That’s the gist of a New York Times report today. While the U.S. Postal Service will continue to operate as before, it will not be able to make a required payment toward future retiree health benefits. This is not the first time these payments, at about $5.5 billion a year, have been a problem. In fact, the payment in question was already deferred from last year, and there’s another one due in September.
Congress required ten years’ worth of these “pre-funding” payments in a 2006 law, largely because USPS’s business was shrinking and future revenues couldn’t be expected to cover benefits. Until that point, USPS had been operating on a “pay as you go” model — i.e., not setting aside money for future benefits. To transition from that system to one that accounted for future obligations, a “catch-up” period was needed to make up for all the saving that hadn’t been done previously.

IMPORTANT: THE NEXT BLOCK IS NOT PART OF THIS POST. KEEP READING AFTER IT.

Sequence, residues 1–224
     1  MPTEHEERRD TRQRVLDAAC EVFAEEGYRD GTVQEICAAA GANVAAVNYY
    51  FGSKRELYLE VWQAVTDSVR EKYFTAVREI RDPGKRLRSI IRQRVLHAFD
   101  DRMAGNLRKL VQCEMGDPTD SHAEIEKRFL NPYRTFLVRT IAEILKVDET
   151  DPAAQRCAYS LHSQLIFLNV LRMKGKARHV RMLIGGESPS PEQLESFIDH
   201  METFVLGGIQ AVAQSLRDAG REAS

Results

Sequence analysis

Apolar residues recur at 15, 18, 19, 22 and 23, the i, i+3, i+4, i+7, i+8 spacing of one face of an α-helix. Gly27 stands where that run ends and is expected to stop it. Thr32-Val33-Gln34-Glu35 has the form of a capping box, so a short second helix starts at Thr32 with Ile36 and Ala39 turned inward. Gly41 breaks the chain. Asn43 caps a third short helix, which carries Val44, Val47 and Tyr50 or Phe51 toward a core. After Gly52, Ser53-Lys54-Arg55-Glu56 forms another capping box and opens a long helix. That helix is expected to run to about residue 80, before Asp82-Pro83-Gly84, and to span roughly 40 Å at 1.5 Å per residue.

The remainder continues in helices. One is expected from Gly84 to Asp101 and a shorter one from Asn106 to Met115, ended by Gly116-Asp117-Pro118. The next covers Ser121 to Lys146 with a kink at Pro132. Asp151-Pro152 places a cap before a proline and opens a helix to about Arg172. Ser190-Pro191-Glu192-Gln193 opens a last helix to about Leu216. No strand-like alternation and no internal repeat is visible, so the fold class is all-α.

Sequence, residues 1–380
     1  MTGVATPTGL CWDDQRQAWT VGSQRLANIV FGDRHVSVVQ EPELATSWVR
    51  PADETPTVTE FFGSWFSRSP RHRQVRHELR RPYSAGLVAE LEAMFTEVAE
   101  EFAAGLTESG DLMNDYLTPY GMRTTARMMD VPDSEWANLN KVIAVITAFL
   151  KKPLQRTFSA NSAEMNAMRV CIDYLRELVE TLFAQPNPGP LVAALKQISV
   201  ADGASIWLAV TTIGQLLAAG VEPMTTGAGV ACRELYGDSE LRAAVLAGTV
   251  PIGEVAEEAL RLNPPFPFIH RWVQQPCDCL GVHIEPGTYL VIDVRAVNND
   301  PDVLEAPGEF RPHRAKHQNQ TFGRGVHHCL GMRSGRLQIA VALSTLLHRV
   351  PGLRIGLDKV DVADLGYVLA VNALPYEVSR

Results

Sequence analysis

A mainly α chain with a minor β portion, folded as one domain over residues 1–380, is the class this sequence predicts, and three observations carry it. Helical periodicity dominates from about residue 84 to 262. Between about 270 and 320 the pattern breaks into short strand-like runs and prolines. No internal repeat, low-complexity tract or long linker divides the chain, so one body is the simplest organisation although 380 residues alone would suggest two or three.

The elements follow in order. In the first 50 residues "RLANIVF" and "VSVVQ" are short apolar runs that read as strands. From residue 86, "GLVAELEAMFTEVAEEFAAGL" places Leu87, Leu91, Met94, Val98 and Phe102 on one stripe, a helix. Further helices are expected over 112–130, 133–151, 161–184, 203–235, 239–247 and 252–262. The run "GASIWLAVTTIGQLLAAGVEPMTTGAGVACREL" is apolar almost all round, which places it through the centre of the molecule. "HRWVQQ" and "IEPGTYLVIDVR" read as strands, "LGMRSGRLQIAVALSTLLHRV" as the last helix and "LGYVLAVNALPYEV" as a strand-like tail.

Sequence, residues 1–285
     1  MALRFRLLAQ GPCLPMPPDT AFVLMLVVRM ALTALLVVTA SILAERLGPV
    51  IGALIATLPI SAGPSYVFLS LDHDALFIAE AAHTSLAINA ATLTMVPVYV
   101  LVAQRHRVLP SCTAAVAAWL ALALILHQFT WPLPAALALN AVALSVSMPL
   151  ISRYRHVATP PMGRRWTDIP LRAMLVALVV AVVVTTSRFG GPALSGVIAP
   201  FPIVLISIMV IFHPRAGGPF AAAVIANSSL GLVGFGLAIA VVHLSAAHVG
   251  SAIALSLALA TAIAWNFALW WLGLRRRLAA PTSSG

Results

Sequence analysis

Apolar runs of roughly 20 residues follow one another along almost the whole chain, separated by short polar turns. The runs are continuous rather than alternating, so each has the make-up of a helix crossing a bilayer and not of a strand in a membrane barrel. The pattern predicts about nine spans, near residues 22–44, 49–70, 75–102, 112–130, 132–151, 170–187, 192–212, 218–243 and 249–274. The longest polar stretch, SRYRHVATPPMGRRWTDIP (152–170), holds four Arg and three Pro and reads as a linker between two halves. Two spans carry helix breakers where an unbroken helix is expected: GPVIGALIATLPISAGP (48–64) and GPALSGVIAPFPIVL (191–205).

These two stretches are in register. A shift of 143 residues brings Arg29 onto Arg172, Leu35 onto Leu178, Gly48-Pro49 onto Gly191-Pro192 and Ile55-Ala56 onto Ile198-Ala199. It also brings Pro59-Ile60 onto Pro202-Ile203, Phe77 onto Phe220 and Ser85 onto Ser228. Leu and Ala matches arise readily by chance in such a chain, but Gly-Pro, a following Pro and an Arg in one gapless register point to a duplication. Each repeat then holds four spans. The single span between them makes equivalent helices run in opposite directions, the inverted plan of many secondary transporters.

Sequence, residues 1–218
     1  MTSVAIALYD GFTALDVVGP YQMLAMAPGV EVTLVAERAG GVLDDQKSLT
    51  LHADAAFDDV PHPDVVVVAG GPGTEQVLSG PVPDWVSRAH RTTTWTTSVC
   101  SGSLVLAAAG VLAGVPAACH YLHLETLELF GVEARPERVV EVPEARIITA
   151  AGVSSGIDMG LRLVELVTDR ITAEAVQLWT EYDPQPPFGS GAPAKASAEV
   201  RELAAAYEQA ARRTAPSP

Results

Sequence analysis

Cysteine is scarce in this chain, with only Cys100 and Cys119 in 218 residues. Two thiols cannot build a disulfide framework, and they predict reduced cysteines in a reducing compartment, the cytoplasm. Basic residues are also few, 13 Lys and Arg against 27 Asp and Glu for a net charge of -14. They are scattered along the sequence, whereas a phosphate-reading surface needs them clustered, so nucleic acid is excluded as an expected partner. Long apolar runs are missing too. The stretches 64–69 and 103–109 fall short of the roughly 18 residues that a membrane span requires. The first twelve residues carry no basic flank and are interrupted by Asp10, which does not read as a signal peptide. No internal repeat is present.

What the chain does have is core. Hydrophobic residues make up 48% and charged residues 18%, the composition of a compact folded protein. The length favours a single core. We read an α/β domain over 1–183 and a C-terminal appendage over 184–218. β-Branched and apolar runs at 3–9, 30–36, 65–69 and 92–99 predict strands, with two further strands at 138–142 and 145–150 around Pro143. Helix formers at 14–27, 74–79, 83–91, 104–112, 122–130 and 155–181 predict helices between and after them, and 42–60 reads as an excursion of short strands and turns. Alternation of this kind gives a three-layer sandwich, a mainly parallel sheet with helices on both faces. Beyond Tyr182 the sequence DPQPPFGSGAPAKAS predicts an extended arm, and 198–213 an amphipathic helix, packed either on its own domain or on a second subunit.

Meanwhile, a Senate plan to reform USPS has passed, but the House has yet to vote on its bill — and there are huge differences between what the Senate wants (e..g extending the catch-up period to 40 years) and what the House wants (e.g. cuts in services and changes to benefits).
The problem with extending the catch-up period is that USPS’s revenue is still not done shrinking thanks to the Internet — it’s hard to tell what the company will be able to afford decades in the future. And some of us are still holding out hope of privatizing USPS before then.
This will be interesting to watch.
You can read our past coverage of USPS’s problems here.